I’ve reviewed an excellent book about dogs for the Guardian: Inside of a Dog: What Dogs See, Smell, and Know by Alexandra Horowitz. The title comes from that old Groucho Marx joke: “Outside of a dog, a book is man’s best friend. Inside of a dog it’s too dark to read.”
The book is definitely worth reading if you’re a dog owner or dog lover. Here are the first couple of paragraphs of my review:
Even in the middle of a busy modern city, we’re surrounded by all kinds of animals that share our space and our food, but only one of them bothers to study us. To rats, crows and cockroaches, we might be a source of tasty snacks, but we’re mostly an irritation and sometimes a threat. Dogs are different. They inspect our actions, interpret our emotions and, over time, learn how to please us and control us, persuading us to provide them with food, shelter and a nice warm basket.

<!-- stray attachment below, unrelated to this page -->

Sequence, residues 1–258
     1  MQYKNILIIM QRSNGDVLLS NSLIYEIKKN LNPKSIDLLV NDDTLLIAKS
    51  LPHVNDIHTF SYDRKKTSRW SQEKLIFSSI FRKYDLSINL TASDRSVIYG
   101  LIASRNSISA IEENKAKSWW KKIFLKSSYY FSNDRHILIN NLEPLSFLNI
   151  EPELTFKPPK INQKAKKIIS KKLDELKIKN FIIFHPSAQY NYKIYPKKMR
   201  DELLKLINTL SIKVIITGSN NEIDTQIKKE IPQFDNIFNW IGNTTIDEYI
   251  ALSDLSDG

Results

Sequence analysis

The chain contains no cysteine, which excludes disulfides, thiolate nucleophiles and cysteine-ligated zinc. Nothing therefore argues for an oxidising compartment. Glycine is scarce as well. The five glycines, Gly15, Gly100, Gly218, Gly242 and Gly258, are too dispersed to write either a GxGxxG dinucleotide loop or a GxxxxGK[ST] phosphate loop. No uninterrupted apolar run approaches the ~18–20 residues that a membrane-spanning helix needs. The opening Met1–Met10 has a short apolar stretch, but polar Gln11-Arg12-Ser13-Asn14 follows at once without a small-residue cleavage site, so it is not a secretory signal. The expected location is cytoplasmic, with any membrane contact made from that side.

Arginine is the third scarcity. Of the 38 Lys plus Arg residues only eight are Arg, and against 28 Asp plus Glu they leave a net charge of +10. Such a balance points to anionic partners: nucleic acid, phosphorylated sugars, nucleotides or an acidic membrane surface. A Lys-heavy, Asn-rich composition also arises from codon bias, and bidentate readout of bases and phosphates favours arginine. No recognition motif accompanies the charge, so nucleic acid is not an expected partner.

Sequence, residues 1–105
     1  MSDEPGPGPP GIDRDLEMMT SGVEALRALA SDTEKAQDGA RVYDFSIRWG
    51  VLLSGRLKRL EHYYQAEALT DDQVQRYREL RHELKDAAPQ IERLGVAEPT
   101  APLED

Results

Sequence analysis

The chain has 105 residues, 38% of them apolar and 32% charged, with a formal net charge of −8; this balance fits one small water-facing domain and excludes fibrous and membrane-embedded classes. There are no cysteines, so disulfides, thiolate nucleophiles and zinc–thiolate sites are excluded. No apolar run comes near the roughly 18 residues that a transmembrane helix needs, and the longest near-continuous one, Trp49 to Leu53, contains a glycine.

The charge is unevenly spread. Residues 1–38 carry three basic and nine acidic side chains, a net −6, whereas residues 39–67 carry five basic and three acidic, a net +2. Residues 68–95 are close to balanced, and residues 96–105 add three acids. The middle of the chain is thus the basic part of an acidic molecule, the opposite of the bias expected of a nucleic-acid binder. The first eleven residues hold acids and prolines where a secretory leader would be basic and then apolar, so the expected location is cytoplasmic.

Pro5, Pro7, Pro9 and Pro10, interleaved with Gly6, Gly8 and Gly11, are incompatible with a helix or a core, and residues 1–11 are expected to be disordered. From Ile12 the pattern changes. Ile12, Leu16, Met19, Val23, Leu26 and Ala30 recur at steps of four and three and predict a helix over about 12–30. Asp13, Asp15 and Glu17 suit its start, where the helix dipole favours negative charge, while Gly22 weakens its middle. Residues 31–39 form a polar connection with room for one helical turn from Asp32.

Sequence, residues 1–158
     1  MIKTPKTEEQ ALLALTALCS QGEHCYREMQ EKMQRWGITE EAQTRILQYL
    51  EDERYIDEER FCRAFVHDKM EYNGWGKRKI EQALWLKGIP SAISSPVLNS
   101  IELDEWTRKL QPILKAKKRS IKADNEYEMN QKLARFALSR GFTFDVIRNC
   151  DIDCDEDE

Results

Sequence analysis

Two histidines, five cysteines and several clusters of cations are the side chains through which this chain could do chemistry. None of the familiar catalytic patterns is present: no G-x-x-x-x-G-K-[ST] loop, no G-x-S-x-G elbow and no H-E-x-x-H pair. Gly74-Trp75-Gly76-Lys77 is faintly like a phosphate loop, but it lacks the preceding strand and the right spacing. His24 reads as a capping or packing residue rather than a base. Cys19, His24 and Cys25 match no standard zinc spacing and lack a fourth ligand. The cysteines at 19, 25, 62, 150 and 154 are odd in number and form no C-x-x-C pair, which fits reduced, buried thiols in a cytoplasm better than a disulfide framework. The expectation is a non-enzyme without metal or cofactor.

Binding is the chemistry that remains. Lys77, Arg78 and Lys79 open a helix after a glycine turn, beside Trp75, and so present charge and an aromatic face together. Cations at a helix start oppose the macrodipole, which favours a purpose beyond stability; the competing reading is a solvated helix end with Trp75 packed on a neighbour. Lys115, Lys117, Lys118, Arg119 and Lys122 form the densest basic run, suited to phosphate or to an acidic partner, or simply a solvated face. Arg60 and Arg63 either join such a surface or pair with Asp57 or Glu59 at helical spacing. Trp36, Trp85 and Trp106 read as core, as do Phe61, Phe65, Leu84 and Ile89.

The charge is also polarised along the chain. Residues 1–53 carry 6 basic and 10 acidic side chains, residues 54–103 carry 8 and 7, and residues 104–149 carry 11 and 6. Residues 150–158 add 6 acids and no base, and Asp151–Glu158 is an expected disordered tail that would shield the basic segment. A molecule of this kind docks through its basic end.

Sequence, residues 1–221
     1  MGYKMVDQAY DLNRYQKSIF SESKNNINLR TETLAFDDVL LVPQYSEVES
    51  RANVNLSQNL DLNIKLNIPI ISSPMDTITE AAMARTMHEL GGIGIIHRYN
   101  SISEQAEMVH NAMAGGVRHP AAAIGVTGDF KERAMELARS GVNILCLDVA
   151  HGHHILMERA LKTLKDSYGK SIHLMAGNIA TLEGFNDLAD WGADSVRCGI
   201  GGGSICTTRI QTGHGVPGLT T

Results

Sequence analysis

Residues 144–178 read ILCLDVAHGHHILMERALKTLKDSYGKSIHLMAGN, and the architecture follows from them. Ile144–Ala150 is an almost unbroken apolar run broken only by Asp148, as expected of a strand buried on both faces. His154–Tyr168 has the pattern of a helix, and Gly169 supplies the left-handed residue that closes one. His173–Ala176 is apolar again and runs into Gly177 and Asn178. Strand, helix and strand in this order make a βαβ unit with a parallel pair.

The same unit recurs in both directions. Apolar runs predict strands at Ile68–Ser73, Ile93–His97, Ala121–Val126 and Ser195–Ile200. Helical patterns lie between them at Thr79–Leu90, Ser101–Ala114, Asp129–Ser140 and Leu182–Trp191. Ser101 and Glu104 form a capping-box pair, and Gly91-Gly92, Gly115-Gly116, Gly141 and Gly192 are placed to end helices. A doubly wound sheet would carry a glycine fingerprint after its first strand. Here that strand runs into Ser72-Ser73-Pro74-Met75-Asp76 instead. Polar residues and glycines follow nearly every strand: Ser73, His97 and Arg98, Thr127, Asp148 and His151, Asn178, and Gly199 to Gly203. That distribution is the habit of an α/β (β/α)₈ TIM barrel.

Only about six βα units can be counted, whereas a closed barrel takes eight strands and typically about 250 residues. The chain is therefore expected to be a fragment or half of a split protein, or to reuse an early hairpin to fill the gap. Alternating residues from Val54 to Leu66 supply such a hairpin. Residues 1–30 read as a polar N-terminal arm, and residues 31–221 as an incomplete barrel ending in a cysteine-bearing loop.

Alexandra Horowitz describes dogs as “anthropologists among us”, and in this engaging book, her first, she studies them with the same intensity and affection that they devote to us. She has her own dogs – the pages are punctuated with little snippets of a diary from her 16 years shared with Pumpernickel – but she also watches dogs for a living: she’s a psychologist who studies dog behaviour and was hired by Sony to make their Aibo dog-robot more cutely canine in its interactions.
Full review here: